April 21st 2018


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Articles from this issue:

COVER STORY The deeper causes of Australia's social malaise

GENDER POLITICS Queensland proposes transgender birth certificates

CANBERRA OBSERVED Malcolm at 30 (polls): the cloud on Turnbull's horizon

NATIONAL AFFAIRS Cardinal Pell firmly denies sex abuse allegations

NATIONAL AFFAIRS Sydney Archdiocese aims to eliminate slavery in supply chain

RURAL DEVELOPMENT Irrigation along Fitzroy River proposed and opposed

LIFE ISSUES Abortion Rethink Summit: the case for care

VERBATIM WA food, drink producers face shortage of carbon dioxide

HOUSING AFFORDABILITY Land costs: economist Henry George's solution

ELECTRICITY Will Turnbull lose three out of three?

ECONOMICS Trade wars: tariffs unlikely to be fired in anger

SEX AND TEENS How about support for the abstaining majority?

VISUAL ARTS Layers of meaning in Botticelli's La Primavera and The Birth of Venus

MUSIC Is it good?: Or, do we just like the sound it makes?

CINEMA The Death of Stalin: Black comedy of a dark time

BOOK REVIEW Cool head on topic that generates heat

BOOK REVIEW Life's not so bad: from the outside

POETRY

LETTERS

OPINION What a republic would really mean for Australia

Books promotion page

LABOR'S LOVE LOST:
The Rise and Fall of the Working-Class Family in America

Andrew J. Cherlin

$69.95


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(New York: Russell Sage Foundation Publications, 2014)
Paperback: 258 pages
ISBN: 9780871540300
Price: AUD$69.95

 

Book description

Two generations ago, young men and women with only a high-school degree would have entered the plentiful industrial occupations which then sustained the middle-class ideal of a male-breadwinner family. Such jobs have all but vanished over the past 40 years, and in their absence ever-growing numbers of young adults now hold precarious, low-paid jobs with few fringe benefits. 

Facing such insecure economic prospects, less-educated young adults are increasingly forgoing marriage and are having children within unstable cohabiting relationships. This has created a large marriage gap between them and their more affluent, college-educated peers. 

In Labor’s Love Lost, noted sociologist Andrew Cherlin offers a new historical assessment of the rise and fall of working-class families in America, demonstrating how momentous social and economic transformations have contributed to the collapse of this once-stable social class and what this seismic cultural shift means for the nation’s future.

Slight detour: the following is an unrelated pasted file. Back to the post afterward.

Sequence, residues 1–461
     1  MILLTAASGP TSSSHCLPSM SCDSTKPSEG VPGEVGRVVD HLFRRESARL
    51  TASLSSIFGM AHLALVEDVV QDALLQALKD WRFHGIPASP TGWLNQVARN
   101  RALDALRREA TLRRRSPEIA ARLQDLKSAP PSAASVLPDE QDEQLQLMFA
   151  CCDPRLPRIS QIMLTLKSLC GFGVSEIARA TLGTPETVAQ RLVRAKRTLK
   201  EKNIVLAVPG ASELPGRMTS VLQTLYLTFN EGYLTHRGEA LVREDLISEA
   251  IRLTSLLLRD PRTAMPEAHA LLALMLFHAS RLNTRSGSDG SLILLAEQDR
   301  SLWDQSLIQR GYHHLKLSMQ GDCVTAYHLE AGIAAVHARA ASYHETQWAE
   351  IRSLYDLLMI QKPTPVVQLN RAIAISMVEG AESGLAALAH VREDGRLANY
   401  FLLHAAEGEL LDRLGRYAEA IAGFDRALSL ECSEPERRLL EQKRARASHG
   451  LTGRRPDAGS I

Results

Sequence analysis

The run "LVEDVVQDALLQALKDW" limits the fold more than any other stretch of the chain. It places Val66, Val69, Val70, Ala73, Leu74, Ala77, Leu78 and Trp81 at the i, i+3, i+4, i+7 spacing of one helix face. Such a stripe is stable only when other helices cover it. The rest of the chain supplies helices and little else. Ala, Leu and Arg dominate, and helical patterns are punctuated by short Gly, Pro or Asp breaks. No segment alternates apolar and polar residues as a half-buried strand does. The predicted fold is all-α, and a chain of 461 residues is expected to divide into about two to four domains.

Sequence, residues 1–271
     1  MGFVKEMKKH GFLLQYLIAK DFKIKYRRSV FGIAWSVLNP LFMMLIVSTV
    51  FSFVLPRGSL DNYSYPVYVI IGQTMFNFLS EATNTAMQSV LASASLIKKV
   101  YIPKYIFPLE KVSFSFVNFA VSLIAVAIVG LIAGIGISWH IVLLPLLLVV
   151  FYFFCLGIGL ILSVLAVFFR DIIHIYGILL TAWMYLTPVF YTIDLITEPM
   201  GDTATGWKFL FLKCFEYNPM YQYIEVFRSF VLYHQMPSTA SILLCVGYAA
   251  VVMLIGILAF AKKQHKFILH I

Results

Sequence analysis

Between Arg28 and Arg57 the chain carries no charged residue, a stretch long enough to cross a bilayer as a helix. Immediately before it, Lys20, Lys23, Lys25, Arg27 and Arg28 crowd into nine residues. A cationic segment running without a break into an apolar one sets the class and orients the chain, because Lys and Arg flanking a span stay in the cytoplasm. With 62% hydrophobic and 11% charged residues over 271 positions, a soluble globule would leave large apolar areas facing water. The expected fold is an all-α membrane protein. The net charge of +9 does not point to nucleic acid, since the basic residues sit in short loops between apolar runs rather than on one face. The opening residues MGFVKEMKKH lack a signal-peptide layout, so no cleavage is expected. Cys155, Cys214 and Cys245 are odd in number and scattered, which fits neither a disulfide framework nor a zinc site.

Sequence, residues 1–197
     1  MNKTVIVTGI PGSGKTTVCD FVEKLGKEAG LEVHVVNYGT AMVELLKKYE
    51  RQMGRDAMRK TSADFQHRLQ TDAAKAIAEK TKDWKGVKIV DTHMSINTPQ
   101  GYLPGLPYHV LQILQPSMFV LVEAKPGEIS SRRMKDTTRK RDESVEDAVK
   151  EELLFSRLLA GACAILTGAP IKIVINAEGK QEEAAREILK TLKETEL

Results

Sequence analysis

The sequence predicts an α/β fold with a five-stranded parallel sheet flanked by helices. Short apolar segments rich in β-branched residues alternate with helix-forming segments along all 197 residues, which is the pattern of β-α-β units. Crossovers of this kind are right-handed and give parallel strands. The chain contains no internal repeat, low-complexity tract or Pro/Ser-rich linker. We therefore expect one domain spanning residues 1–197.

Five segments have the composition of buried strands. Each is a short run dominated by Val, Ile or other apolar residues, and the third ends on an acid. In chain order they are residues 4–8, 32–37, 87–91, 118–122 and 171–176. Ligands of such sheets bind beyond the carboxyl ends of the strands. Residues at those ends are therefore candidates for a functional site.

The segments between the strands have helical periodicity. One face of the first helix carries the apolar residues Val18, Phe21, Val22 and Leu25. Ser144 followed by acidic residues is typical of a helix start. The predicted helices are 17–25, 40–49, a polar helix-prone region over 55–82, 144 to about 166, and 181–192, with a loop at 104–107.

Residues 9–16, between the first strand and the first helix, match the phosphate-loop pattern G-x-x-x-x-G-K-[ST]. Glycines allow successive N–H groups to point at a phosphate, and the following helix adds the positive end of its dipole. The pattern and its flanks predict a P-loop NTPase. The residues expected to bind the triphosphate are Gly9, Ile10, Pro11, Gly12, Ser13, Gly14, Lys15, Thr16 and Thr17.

Drawing from more than 100 years of census data, Cherlin documents how today’s marriage gap mirrors that of the Gilded Age of the late-19th century, a time of high inequality much like our own. Cherlin demonstrates that the widespread prosperity of working-class families in the mid-20th century, when both income inequality and the marriage gap were low, is the true outlier in the history of the American family. In fact, changes in the economy, culture, and family formation in recent decades have been so great that Cherlin suggests that the working-class family pattern has largely disappeared.

Labor’s Love Lost shows that the primary problem of the fall of the working-class family from its mid-20th century peak is not that the male-breadwinner family has declined, but that nothing stable has replaced it. 

The breakdown of a stable family structure has serious consequences for low-income families, particularly for children, many of whom under-perform in school, thereby reducing their future employment prospects and perpetuating an intergenerational cycle of economic disadvantage. 

To address this disparity, Cherlin recommends policies to foster educational opportunities for children and adolescents from disadvantaged families. He also stresses the need for labour market interventions, such as subsidising low wages through tax credits and raising the minimum wage.

Labor’s Love Lost provides a compelling analysis of the historical dynamics and ramifications of the growing number of young adults disconnected from steady, decent-paying jobs and from marriage. Cherlin’s investigation of today’s “would-be working class” shines a much-needed spotlight on the struggling middle of our society in today’s new Gilded Age.

 

About the author

Andrew J. Cherlin is the Benjamin H. Griswold III Professor of Public Policy in the Department of Sociology at the Johns Hopkins University.


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